But Trump conquered Lackawanna in 2016, and radical centrists like Biden see it as a bell weather in this crucial electoral state. Whether the 2020 election goes Democratic or Republican, the county is conservative, patriotic, white.
While repeatedly declaring his love for his birthplace Biden, quickly qualified his ardor by admitting that it was “presumptuous” to claim it as his hometown. “But no matter how long you live here,” he assured himself and his listeners, “ it climbs into your heart and occupies you.” The rhetoric of military interventionism is so ingrained in his diction that it infects even his nostalgic reveries. “So many people you know are from Scranton,” he told the Scrantonites, in a deft display of his legendary gifts for tautology.
Over the first twenty minutes of the speech he recounted the straitened circumstances of his boyhood, the family’s exodus from Scranton to Delaware and the lessons his parents taught him about resilience and self-esteem. It was a touching, heartfelt speech, including the ode to his mother, a Scranton native who spent her first thirty-years in the city. She inculcated in her son a refusal to be defeated by the class system. “No one is better than you, Joey,” his mother told him. “But never forget, everyone is your equal.” For his last decade she moved in with her famous son and his family, just as Biden’s grandfather had lived with the young Joe when he growing up. One wonders if Hunter will take in Dad when the time comes, not too distant, it would seem, given the candidates mix of comic gaffs, costly memory slips, and canny political maneuver.
The warmth of these stories mostly off the beaten track of campaign trail blather was rather weakened by canned quotations from Kierkegaard and Hagar the Horrible, the latter’s lessons meant bizarrely to reassure the beleaguered Scrantonites.
From this homespun talk, Biden eventually pivoted to his stump speech about the devastating rise of social divisions, the decline of civic and national pride, the impossibility under Trump of believing you could still become economically better off than your parents. The now-embattled American Dream was one Biden had lived and still believed in, though he blithely ignored the use of his own political muscles in tightening the vice on indebted families and the bleeding of our people and resources in foreign wars he has supported. The speech concluded with the necessary military notes, with stern words for Trump pulling out of Syria and ignoring his military advisers.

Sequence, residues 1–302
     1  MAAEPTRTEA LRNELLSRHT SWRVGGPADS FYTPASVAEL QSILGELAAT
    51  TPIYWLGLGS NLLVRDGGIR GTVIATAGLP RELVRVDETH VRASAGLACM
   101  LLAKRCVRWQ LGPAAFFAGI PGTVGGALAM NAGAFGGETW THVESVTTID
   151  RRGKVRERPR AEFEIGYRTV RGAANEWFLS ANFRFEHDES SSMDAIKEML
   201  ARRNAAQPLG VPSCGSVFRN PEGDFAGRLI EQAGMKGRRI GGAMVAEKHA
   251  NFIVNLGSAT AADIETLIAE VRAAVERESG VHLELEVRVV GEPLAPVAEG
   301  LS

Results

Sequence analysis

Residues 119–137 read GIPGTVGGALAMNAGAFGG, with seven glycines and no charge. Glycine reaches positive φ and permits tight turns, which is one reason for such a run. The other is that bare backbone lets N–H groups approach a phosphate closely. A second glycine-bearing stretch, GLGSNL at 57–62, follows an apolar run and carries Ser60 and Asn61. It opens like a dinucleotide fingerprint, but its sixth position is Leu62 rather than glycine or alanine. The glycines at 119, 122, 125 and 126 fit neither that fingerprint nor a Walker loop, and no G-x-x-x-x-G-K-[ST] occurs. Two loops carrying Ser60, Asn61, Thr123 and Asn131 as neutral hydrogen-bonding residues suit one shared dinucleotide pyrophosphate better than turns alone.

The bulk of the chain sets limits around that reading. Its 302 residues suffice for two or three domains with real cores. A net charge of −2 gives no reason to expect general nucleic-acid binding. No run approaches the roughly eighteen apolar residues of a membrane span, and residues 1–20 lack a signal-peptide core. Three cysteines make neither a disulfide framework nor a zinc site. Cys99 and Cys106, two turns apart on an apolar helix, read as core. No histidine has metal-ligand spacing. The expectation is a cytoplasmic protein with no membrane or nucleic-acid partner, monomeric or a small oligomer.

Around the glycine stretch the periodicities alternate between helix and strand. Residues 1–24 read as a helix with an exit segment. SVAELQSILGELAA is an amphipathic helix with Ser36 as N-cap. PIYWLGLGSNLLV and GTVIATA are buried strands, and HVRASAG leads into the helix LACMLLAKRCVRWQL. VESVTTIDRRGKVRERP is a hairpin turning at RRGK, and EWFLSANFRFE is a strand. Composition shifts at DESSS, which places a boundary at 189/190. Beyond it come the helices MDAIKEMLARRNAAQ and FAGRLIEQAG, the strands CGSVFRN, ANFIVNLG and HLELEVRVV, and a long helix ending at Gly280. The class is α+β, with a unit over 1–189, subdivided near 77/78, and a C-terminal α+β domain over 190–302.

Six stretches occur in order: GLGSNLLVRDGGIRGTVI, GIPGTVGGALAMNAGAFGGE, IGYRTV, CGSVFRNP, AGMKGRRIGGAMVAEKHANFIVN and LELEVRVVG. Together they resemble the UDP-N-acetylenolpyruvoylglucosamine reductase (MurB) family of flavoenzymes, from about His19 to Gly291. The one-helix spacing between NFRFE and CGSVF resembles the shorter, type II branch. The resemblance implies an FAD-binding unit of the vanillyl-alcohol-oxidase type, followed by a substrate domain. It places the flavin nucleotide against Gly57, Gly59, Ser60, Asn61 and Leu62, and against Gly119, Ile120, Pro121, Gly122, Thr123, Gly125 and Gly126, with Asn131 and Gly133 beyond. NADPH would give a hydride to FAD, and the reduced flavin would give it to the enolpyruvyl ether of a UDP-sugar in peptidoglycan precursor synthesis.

There was no music before the event, no walk-on tune to rile up the already enthusiastic hometown crowd. Biden’s repertoire of campaign music is concocted of pure political calculation—algorithm and blues. The playlist is split down the middle between black and white artists, classics alongside stuff to ingratiate himself with the youth vote—from the working man’s grit of Springsteen to the diva of self-love and folly, Lady Gaga. Diana Ross, Aretha Franklin, Sam Cooke, and Stevie Wonder are drafted to pander shamelessly for the black vote. From that same playlist, Biden’s handlers drew Jackie Wilson’s 1967 hit “(Your Love Keeps Lifting Me) Higher and Higher” piped in in Scranton after he called out to the troops.
This retrospective musical impulse cast back not half a century to the year the song topped the R & B charts, but back only a dozen years, to 2008 when Obama used the tune on the campaign trail and won in Lackawanna.
Even after Biden’s “hometown” triumph, one doubts that Wilson’s or any other voice can carry his numbers Higher and Higher.